Exploring Diverse Pathogen Transmission Routes: Broadening the Scope of Disease Surveillance

Updates Aug 31, 2023

An effective disease surveillance system is imperative to ensure that diseases are identified early, especially to mitigate their impact on humans and health systems.  Surveillance can be defined as the continuous, systematic collection, analysis, and interpretation of health-related data (1).  It involves the subsequent reporting of any significant findings to drive change through appropriate action. Traditional surveillance methods are largely dependent on disease investigation and data for the same is accessed from service delivery points, which is often fragmented and time-consuming, delaying emergency response time.

Due to COVID many other methods of surveillance have again taken prominence and has been used to augment the traditional methods (2). These include methods like the use of Artificial intelligence, and machine learning, and older surveillance methods like wastewater and genomic surveillance which have been used during recent pandemics like COVID–19 and Ebola.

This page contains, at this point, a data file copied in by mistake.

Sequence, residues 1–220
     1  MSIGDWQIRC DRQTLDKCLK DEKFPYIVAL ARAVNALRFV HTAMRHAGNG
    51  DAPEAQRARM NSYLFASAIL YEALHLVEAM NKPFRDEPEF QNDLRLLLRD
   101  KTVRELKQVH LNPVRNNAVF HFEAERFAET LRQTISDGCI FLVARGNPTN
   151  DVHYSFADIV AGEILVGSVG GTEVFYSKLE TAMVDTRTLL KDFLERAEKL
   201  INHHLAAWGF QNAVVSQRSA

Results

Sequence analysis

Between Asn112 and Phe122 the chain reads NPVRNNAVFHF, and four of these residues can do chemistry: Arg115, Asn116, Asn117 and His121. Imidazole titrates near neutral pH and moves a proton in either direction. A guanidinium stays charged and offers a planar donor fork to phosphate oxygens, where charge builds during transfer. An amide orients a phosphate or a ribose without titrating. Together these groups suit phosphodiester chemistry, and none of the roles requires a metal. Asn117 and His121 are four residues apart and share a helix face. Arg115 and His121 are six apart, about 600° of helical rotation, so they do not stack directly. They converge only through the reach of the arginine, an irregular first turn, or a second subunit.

The use of artificial intelligence, digital platforms, big data analytics, machine learning, and virtual health care are just a few of the innovative technologies that have evolved in recent years, aiding disease surveillance methods. There has been tremendous growth and advances in healthcare technology such as virtual (remote) care and medical devices. The data collected from these devices can be used to detect any unusual spikes in diseases. Genomic surveillance has been used for virus detection and tracking. Wastewater surveillance is a method of disease surveillance used since the 1930s when it was used for polio detection (3). This sentinel system has been expanded and repurposed for the detection of COVID–19 across nations. Climatic surveillance helps us plan in advance for diseases that are anticipated seasonally. It also enables the assessment of the impact of extreme weather events on disease progression (4).